Ballerina tiptoes over to Arc trial
From JIM McGRATH in London
IT is probably just as well that Mitsuo Haga, the highly-successful Japanese owner, is as understanding as he is wealthy.
For this weekend, Mr Haga has been forced to forfeit GBP25,000 without an earthly chance of ever recovering his ambitious outlay.
That is the amount he shelled out for the supplementary fee for his filly Royal Ballerina, a fast-ground specialist, to be entered at the final stage for yesterday's Coalite St Leger at Doncaster.
When Michael Kauntze, the Irish trainer, made the supplementary entry on Mr Haga's behalf seven days before the Classic, the weather was generally dry and the forecast good.
But heavy rain at Doncaster on the first two days of the St Leger meeting changed the going to soft and caused Royal Ballerina's plans to be drastically altered.
''She is 21 pounds below her best on soft ground and would probably finish tailed off,'' lamented Kauntze.
All is not lost, however, as there is every chance that the filly, who was runner-up in both the English and Irish Oaks, will carry off prize money of some description in today's Prix Vermeille, one of three traditional trials for the Prix de l'Arc de Triomphe at Longchamp.
John Reid, who has done his share of riding in Hong Kong, had been snapped up for the St Leger, and even with the change of venue, he did his level best to stay with Royal Ballerina.
But, already booked for Richard Hannon's Dana Springs in the Prix Vermeille, he was unable to switch and Ray Cochrane now rides.
''Royal Ballerina is top class and you don't want to let the ride on one as talented as that slip through your fingers. But there was nothing I could about it,'' said Reid.
Intrepidity and Wemyss Bight, the Andre Fabre-trained winners of the Oaks at Epsom and the Curragh respectively, will both be ready for their return battles with Royal Ballerina.
The ground will provide the key to the race. So good was Intrepidity's win in the Oaks at Epsom in June one is very tempted to forget her below-par effort against Wemyss Bight in the Irish equivalent the following month.
Whichever filly wins, she will be a likely challenger for favouritism for the Arc on October 3.
Hernando, the Stavros Niarchos-owned winner of the French Derby, puts his Arc credentials on the line in the Prix Niel, in which his only rival of any substance is Dernier Empereur. He should win comfortably.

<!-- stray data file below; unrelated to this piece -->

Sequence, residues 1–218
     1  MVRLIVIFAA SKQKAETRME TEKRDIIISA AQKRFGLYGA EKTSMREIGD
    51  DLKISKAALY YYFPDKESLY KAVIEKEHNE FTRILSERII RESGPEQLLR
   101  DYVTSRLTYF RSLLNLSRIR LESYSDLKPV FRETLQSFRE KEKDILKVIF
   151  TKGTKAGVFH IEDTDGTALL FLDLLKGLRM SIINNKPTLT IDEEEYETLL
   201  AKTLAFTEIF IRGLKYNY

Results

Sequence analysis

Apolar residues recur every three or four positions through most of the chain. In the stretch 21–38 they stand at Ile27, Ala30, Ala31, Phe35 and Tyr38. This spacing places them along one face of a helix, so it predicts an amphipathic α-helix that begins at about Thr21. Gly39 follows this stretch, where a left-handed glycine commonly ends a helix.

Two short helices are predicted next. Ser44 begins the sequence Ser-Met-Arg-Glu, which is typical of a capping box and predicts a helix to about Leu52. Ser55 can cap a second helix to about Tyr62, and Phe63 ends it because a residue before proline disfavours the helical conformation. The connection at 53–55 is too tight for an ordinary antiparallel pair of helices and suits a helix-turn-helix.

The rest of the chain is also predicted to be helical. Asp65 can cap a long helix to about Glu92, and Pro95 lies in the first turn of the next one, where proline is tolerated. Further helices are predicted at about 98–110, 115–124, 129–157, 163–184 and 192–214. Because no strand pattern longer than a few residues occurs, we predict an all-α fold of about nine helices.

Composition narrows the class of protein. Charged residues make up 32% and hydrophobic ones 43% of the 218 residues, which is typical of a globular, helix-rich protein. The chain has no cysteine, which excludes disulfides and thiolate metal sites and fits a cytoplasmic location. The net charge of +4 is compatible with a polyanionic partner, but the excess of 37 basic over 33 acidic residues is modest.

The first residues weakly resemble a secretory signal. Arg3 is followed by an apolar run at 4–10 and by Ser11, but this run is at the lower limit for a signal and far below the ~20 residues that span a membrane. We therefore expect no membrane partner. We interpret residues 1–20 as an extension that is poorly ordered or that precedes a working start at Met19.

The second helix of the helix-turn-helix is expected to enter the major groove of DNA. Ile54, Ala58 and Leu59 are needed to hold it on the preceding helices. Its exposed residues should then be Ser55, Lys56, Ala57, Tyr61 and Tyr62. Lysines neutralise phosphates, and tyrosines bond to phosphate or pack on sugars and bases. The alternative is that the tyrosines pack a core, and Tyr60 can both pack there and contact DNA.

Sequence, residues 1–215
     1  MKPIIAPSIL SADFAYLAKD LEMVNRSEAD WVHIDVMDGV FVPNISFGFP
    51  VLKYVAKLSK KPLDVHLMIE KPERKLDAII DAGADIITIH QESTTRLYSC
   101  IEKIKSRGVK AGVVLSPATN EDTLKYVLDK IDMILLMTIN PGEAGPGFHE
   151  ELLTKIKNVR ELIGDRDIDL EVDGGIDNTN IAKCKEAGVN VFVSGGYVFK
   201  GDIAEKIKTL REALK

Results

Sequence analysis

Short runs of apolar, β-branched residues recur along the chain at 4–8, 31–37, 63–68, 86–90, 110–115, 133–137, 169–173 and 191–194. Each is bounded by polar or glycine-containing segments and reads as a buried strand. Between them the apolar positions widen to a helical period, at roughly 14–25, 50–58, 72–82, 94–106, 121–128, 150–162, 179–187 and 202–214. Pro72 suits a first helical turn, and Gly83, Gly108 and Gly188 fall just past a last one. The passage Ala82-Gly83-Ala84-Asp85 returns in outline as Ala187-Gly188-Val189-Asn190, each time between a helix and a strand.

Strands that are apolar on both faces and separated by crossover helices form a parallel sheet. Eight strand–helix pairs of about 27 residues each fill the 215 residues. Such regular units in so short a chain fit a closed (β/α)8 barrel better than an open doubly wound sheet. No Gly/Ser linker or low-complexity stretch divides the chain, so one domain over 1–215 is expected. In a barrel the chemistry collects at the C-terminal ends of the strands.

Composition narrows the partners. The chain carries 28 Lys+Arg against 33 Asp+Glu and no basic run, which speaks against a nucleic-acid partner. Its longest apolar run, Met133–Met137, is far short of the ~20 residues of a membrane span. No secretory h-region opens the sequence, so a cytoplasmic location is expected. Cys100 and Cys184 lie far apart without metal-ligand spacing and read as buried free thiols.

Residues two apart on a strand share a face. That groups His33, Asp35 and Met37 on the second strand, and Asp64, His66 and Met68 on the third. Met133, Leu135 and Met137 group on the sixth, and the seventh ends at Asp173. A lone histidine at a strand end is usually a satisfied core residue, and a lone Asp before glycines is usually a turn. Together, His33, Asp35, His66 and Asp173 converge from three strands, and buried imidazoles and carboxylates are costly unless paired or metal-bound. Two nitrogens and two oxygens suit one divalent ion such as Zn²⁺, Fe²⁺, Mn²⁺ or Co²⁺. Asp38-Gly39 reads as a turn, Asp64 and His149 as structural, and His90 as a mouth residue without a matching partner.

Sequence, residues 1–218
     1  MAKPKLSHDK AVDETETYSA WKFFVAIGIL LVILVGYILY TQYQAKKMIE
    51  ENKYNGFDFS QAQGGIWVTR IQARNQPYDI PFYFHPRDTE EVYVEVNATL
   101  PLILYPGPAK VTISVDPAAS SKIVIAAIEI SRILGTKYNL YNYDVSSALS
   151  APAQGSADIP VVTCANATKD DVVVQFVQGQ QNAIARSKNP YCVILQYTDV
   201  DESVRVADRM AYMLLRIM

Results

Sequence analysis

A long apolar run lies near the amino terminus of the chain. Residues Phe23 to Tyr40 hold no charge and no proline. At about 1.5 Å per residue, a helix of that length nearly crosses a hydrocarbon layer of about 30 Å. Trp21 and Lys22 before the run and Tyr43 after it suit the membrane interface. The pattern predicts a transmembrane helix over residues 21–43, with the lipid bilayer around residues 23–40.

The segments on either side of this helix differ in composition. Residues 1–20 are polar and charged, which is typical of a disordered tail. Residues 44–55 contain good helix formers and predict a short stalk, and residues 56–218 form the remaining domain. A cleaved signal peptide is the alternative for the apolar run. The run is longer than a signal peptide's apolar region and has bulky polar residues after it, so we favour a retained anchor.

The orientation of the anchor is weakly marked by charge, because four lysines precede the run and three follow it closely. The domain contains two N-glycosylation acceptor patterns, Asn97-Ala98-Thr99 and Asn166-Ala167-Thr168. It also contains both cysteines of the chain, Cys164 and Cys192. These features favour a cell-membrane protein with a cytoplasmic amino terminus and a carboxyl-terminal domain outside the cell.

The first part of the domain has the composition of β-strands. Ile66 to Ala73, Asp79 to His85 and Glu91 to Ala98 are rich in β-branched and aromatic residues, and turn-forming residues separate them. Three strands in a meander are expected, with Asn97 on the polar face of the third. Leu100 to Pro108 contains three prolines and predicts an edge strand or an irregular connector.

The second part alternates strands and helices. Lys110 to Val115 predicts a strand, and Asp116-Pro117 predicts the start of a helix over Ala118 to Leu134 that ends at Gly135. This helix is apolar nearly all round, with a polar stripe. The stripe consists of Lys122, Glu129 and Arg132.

The Prix Foy, the remaining trial, sees Luca Cumani's Yorkshire Oaks winner Only Royale facing only three possible opponents. It was interesting to note jockey Ray Cochrane's comments after the filly's surprise win at York.
He said: ''She is good, but there are attractive races for her in Canada at the back end of the season.'' Does that mean that the Arc is flying too high? Probably, I'd say.
HONG KONG race fans of the 1980s will no doubt be fascinated to hear that Derek Kent, who was warned off for three years in 1986, has taken out a licence to train again in England.
Kent, now 65, will be based at Southwell racecourse, the Nottinghamshire track which has been reconstructed in recent years and features a fibresand all-weather surface.
During his stay in Hong Kong, Kent ruffled a few feathers. I clearly remember when he and his assistant had to personally bring down their horses to Happy Valley from the Shan Kwong Road stables when Kent's mafoos refused to co-operate.
But Kent was always regarded as a shrewd trainer, and sent in a few well-fancied but juicy-priced winners in his time at both the Valley and Sha Tin. In Britain, he is remembered by most as the trainer of the outstanding steeplechaser Grand Canyon.
This new venture sees Kent linking up again with the go-ahead, father-son racecourse management team of Ron and Richard Muddle.
''Ron was one of my owners when I last trained in Britain and Richard used to ride for me. We have kept in touch over the years,'' Kent said.